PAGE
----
The NOAA Buoy at the mouth of the Patapsco River is currently showing a water temperature just above 57-degrees. Fishermen were out trolling the depths of the shipping channel in the upper bay region below the Brewerton Channel looking for post-spawn striped bass heading down the bay. Most anglers reported sparse catches that could best be described as a slow pick; a nice fish now and then with no real pattern to why or where. The only common report from successful fishermen was that most fish that they did catch came off the planer boards. Based on the reports of a large spawn taking place in the Elk River late last week, fishermen should see those post-spawn striped bass moving through the upper bay region this week and through the weekend.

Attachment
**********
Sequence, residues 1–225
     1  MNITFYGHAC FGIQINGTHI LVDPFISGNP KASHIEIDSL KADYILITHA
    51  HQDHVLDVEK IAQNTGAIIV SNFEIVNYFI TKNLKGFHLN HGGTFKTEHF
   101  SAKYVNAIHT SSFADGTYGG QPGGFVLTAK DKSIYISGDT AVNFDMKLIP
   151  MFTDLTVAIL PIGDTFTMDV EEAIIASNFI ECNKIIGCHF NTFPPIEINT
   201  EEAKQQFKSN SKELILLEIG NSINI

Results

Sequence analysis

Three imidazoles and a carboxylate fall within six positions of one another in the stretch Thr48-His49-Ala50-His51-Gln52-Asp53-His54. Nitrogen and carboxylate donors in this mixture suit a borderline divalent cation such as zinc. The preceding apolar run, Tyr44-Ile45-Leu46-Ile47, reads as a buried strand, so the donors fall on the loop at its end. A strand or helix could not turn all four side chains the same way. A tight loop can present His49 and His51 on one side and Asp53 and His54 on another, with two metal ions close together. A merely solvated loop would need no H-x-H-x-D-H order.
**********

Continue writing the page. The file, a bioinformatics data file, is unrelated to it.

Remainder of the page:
Shore based fishermen could be found this weekend on their favorite piece of turf casting out bottom rigs baited with bloodworms or cut bait in hopes of catching a keeper-sized striped bass below the Brewerton Channel. The Matapeake Fishing Pier and the beach point at Sandy Point State Park are a couple of the numerous places fishermen favor and for good reasons. Jenny Keller holds up a really nice fish that she was able to catch and take home that was caught at Sandy Point State Park on Saturday.
Mid Bay Region: